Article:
Vol.2..Norwegian Farmer’s Son..May 27th


A woman’s piercing screams ricocheted off the sterile, tiled walls of that 1918 hospital ward. In reaction to the cacophony of noise, there came the fast sounds of solid, low-heeled uniform shoes of many nurses. Their uniformed convergence added to the chaotic clatter of the excitement as they rushed towards and burst through the door that was the source of those screams. Before them lay a sweat-drenched, pregnant woman with her hands clenching feverishly to the linen sheets around her. This young girl was in the throes of an intense childbirth labor and reacting blindly to the immense, painful pressure that hardened her uterus with every rolling contraction.

Being her first child, the poor sweetheart, like many young women of that era, had not been properly educated and prepared for the natural process of becoming a new mother. Writhing in pain, the young woman thrashed from side to side as her resultant fear only made each contraction worse. The sweet girl upon that bed was experiencing what countless millions of women had endured since the beginning of time…and that was….LABOR was a very hard labor, indeed.

Elliott’s Great Aunt Olga Josephine Rogness from a family portrait around the year 1910. She was about 13 years old here.

Among those 1918 “angels of mercy” was Miss Olga Josephine Rogness. Although born in Thor, Iowa, as a young adult, Olga had temporarily taken up residence in the desert southwest and was one of those dedicated young nurses that invested their lives in trying to assuage the suffering of all patients in her care at that hospital within the hot State of Arizona.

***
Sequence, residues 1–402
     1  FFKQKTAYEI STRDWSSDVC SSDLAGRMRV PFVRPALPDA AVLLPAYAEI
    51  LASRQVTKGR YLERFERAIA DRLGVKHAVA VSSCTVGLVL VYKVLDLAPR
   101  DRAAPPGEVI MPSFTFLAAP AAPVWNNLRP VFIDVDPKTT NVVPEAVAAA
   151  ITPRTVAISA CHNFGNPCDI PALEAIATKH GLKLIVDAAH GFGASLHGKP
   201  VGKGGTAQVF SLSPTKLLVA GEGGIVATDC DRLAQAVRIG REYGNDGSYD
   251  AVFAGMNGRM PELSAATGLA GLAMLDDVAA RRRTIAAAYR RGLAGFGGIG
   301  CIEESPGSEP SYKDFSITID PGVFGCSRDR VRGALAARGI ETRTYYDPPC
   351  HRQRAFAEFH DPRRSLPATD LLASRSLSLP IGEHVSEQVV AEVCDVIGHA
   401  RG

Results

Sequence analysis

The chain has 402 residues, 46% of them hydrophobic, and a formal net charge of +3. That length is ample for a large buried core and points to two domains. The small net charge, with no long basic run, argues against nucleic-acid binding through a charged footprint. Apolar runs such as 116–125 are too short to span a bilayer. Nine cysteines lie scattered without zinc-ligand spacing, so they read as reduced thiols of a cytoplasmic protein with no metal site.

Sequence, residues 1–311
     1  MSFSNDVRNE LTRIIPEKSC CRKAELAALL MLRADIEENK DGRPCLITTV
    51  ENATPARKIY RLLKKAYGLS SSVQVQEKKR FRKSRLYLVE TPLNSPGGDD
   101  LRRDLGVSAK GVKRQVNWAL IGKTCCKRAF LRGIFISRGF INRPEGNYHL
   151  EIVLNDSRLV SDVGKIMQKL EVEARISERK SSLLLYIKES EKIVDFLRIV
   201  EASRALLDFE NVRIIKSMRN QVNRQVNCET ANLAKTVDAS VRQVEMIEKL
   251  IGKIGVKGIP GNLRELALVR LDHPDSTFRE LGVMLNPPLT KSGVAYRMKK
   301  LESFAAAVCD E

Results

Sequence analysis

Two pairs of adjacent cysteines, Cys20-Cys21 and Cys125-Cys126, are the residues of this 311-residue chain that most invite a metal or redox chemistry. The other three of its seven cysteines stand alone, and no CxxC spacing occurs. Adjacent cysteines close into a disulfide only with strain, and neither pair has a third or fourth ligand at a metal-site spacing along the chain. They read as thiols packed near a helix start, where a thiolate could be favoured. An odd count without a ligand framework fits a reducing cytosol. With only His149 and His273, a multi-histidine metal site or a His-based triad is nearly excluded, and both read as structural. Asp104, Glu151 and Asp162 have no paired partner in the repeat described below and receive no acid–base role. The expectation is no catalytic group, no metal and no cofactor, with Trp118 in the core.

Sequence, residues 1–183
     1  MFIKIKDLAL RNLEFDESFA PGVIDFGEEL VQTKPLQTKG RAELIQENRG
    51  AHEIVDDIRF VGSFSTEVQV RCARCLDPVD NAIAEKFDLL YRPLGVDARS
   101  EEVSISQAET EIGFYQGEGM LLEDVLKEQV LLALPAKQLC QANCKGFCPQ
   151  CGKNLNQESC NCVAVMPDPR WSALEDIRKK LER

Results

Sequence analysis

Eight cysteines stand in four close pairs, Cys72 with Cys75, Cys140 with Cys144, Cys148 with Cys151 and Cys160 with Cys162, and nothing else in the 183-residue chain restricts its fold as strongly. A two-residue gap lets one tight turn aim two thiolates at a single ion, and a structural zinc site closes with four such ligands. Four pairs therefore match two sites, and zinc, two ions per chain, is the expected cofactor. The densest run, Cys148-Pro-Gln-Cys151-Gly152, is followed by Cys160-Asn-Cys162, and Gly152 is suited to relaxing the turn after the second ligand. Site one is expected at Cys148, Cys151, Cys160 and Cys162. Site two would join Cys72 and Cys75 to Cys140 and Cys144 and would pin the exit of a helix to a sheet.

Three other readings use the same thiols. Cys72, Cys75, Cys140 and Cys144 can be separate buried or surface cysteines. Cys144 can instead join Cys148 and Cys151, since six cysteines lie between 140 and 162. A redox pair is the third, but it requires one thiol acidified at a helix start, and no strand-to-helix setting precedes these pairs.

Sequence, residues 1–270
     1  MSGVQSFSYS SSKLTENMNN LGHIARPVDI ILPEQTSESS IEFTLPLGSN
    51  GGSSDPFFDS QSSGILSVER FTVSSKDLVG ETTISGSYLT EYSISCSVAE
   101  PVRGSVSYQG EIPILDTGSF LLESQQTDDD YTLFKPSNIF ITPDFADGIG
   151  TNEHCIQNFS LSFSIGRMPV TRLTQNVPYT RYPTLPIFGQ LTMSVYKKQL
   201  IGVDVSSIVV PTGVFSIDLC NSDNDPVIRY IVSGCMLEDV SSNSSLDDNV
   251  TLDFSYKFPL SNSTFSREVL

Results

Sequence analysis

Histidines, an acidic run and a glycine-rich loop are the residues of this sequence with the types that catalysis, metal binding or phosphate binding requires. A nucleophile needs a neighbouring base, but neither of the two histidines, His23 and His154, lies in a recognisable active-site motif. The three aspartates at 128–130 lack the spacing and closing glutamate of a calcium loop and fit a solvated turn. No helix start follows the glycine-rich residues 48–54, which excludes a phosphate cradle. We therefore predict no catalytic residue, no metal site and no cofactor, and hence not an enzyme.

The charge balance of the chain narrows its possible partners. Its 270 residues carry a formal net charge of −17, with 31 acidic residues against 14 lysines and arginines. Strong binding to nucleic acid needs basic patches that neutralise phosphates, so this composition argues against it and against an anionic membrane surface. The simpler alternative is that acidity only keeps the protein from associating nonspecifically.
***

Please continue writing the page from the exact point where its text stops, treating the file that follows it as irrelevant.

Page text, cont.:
Being the tender soul and kind-spirited young woman that she was, Olga did what she could to attend to this young woman’s needs as best as she was trained for in her nursing school days. Sadly, though, the medical profession, like any other human endeavor, had to go through their own paradigm shift when it came to finding better ways to approach and assist in bringing new life into this world. Many doctors of that era held an elitist attitude that childbirth was beneath them and that “any female of prudence could manage” to assist a woman in labor on her own.

Nursing truly was, and still IS, a “work of heart”!!! For young Olga, though, viewing the many recurring scenes of women in anguish during childbirth was doubly exacerbated when a young girl, on occasion, died during childbirth. Statistics for 1918 reveal that 22 or more maternal puerperal deaths occurred in every 100,000 patients. For some, that’s a low statistic, but to Olga, it had driven a searing, eyewitness image into her very psyche that would come back to haunt her later in life.

Elliott’s quiet, yet prankster Great Uncle Andrew Davidson is in back row wearing lady’s sun bonnet and sunglasses. His wife, Olga, is immediately in front of him and slightly to the left. This was one of many happy family “rebellions” (reunions) between the Rogness and Sletten families over the years.

With her nursing years now behind her, a new chapter blossomed in the young life of Olga Rogness. A quiet, yet fun-filled young man named Andrew Davidson came a-courting and won the heart of this mild-mannered Norwegian maiden. The Davidson and Rogness families came together for a grand celebration on October 15th of 1925 when these two fine Norwegians stood hand in hand at the altar and exchanged wedding rings.

True, Andrew was of a quiet nature, yet he knew how to have fun, too. He sure kept family “on their toes” in anticipation of what smile or prank he’d come up with next. For instance, there is a photo from one of the family “rebellions” (reunions…Hehehe) where there is this strange looking “woman” in the back row of the photo with an over-sized bonnet on and sunglasses. No other male of the families would’ve pulled a prank like that, but, Uncle Andrew sure would, and DID!!! 😉